A few weeks ago, I wrote a lengthy post about my experience with orthognathic surgery, which you can read here. In this post, I have decided to write about my top 10 tips for getting through the recovery stage. First and foremost, if you reached the recovery stage, it means the worst is over and while you may be in pain at the minute each day really does get a little easier!
1.Do your research
I cannot stress this point enough. While there isn’t a lot of first-hand anecdotal content online regarding UK and Irish jaw surgery experiences, the stuff that you can find is really helpful. Taking a day or two to get yourself together, make a list for purchasing your supplies and even reaching out to people who have been through it will make things all the better. Especially for your carers as they may find it hard to understand your voice when your jaw is locked together!
2. Get your supplies
Following on from my point above, you will have a very long list of things you will want to buy or borrow before you go in for the operation. A few of the essentials include extra pillows, a set of baby toothbrushes, medical toothpaste and mouthwash, a few sets of comfy pyjamas (Primark’s finest!), books, magazines, Vaseline, a Netflix subscription and the list goes on. Making sure you have sufficient towels, ice packs and hot cloths is imperative. Towels are perfect for the drooling and eating. Mixing up ice packs and hot cloths will also help to bring down the swelling (and subsequently, the pain). It’s well known that it’s individual preference for heat or ice, so just see what works best for you. Or if you’re like me, keep switching it up.
3. Have the right medicine
Supplies are one thing but medication is essential. Obviously, your doctor and dentist’s advice paramount, but any recommendations help! Your doctor will tell you to get liquid paracetamol and ibuprofen because you won’t be able to fit the tablets in your mouth. They will be your saviour. I also had problems with earaches and the best thing for this for me was antihistamines! They really brought down the aches and helped me to sleep, but beware they make you really drowsy with the condition you’re already in.
Vicks is also a fail-safe recommended by mummies and grannies across Ireland! Drop some in boiling water, put a towel over your head and inhale. This will help clear your blocked nose and sinuses.
4. Get to Tesco
Choosing between what liquids you think you can eat is a LOT harder than it seems! Having as many foods and liquids in your house as you can will help with those crucial decisions. Bear in mind you will be on a liquid diet so a blender is essential. Foods that helped me were milkshakes, soups, complan (essentially a fattening powder), protein powders, M&S mashed potatoes (…drool), yoghurts, blended stew, ice-cream and anything you can possibly think you could drink! When you get to week 3 and can start eating soft foods, Skips saved my life- they melt on your tongue and are the closest thing to crisps you’ll get for a while.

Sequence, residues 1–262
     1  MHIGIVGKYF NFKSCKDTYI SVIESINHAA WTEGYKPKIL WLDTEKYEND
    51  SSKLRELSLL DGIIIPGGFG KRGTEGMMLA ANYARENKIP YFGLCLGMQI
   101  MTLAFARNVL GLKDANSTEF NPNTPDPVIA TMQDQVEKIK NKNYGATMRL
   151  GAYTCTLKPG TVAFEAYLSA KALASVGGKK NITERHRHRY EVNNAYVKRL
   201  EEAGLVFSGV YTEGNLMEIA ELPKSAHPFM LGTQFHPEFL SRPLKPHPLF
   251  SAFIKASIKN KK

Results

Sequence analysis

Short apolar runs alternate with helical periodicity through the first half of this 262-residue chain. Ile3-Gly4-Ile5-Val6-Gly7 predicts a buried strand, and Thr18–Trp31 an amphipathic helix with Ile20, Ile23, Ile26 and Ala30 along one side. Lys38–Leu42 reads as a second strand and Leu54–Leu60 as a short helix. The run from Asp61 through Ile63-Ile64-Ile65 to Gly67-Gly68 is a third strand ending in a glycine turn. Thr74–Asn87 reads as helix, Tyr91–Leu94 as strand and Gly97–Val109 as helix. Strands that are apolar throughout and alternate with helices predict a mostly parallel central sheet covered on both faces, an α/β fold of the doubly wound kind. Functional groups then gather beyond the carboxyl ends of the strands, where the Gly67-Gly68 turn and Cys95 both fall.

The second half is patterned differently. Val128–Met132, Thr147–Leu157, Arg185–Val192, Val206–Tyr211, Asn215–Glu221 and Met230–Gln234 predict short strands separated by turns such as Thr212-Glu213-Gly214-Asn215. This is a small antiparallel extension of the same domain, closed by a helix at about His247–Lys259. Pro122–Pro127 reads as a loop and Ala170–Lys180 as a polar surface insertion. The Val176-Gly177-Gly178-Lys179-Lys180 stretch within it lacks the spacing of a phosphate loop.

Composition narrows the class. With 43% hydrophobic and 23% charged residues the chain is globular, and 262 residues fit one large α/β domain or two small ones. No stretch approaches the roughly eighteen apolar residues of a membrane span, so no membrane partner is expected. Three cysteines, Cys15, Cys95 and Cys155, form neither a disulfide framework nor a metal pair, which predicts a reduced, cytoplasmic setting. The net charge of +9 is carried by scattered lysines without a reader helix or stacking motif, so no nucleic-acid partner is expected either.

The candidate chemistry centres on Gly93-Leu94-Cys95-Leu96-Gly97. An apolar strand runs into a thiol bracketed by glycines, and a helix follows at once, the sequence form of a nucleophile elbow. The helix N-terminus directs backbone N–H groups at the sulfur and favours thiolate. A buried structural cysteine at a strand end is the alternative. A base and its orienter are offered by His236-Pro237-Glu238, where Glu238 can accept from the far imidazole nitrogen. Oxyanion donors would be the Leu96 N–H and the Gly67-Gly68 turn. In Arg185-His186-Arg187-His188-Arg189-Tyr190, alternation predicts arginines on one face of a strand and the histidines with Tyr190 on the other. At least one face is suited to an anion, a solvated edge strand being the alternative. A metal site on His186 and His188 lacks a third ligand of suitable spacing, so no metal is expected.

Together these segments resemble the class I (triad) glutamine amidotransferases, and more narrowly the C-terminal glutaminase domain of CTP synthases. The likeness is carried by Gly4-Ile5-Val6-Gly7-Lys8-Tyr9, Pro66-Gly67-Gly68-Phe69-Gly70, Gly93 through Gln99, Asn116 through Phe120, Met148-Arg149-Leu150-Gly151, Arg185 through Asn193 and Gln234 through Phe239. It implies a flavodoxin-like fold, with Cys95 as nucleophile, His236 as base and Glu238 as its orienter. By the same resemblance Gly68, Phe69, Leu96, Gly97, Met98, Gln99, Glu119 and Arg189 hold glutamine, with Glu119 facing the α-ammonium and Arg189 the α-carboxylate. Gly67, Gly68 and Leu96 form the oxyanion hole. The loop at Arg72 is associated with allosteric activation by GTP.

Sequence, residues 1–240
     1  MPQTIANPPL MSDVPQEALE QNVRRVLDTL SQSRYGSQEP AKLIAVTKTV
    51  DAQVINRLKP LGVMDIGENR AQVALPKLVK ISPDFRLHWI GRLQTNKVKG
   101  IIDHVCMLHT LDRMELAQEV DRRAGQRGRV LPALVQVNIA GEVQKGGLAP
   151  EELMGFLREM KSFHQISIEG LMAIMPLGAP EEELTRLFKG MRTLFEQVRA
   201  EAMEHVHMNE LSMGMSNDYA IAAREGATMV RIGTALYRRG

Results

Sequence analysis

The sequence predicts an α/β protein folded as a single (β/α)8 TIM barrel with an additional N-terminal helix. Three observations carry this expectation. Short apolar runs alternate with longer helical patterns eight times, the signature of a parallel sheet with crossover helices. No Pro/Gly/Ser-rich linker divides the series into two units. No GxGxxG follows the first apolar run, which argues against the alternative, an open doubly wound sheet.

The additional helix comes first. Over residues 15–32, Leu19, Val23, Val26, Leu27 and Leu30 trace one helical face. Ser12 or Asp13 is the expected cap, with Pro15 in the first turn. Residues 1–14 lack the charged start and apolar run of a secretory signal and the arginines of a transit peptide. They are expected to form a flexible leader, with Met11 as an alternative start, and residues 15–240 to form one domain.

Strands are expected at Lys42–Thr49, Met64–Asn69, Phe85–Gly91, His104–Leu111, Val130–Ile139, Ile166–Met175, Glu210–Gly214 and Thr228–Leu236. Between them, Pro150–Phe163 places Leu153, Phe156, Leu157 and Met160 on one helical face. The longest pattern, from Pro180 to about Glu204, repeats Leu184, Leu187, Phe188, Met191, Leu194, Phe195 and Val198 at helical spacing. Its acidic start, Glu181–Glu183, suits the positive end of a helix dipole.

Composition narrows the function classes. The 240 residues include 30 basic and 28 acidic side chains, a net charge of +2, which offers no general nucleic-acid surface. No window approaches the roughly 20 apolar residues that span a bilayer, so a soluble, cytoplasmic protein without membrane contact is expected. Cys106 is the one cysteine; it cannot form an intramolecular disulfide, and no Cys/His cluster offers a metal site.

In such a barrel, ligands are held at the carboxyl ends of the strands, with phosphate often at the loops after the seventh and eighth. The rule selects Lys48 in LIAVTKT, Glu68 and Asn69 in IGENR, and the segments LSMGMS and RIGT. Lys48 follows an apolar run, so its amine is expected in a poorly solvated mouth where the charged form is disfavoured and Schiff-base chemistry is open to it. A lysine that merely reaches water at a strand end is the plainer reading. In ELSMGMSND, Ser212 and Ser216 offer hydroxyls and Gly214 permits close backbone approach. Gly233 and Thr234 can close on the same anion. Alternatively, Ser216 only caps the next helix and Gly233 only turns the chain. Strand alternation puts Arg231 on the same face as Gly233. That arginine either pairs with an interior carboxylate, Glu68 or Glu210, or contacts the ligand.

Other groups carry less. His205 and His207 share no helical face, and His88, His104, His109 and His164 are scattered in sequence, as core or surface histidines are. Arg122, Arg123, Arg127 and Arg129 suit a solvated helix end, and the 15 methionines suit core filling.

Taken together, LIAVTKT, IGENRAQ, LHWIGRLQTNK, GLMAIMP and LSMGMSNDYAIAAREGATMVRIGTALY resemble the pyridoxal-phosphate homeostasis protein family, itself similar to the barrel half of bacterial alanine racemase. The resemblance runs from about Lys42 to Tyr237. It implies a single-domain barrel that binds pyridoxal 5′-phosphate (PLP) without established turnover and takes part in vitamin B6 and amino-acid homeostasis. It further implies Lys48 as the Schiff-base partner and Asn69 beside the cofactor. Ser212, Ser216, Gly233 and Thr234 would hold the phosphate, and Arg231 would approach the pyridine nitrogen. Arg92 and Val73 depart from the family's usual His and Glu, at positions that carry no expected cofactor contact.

I cannot describe the feeling of showers after you get jaw surgery. For the first week or so, it was the only thing that made me feel better and 3 or more showers a day was the norm. Your face will swell up beyond belief in the weeks following the operation and even the most confident person would find it difficult to be in public. Showers will bring this swelling down (just make sure you don’t put your face under the water) and as well as that, they clear you head!
6. Make a list of things to do
Most people will get a good chunk of time off work or university for the surgery and while this may sound relaxing, it can be very boring! Make a list of TV shows (The OA being my current favourite obsession), books (Dolly Alderton: Everything I know about love!- you won’t put it down), podcasts, magazines, YouTube videos and even tasks you could do around the house. Arrange for your friends and family to come visit and make sure you’re never bored.
7. Take the dog on a walk
Or your cat, or your dad, or anyone really! Short walks will help bring down the swelling and it’s really easy to get stuck in a depressive rut during recovery. One thing though- never go by yourself! You won’t realise how weak you are and I only managed about 5 minutes every day from week 2-3.
8. Get ready for the aftermath
Make sure you have baby toothbrushes and good dental mouthwashes. The last thing you want is a dental infection so make sure to keep it clean. When your swelling comes down and you start to see your new face, it will be strange, but if you keep your teeth nice and healthy during the recovery it will pay off when it comes to getting the braces off!
9. Make a food bucket list
This will be the fun part! Write down all your favourite foods and make an itinerary for the week before your operation. You will never crave food like you do on a liquid diet so force all your friends to join you for a Nando’s.
10. Breathe and relax
It will be sore. It will be mind-numbingly boring. It will feel like a lifetime. But when it’s all over you will be so happy you done it! Relax and enjoy your time off with some well-deserved pampering and hopefully someone looking after you! It’ll be over in no time 🙂
Lauren Wilson is a third-year BSc in Communication, Advertising & Marketing student at Ulster University, currently undertaking a year’s placement at Belfast City Council. She can be found at: LinkedIn – https://www.linkedin.com/in/laurennxwilsonn/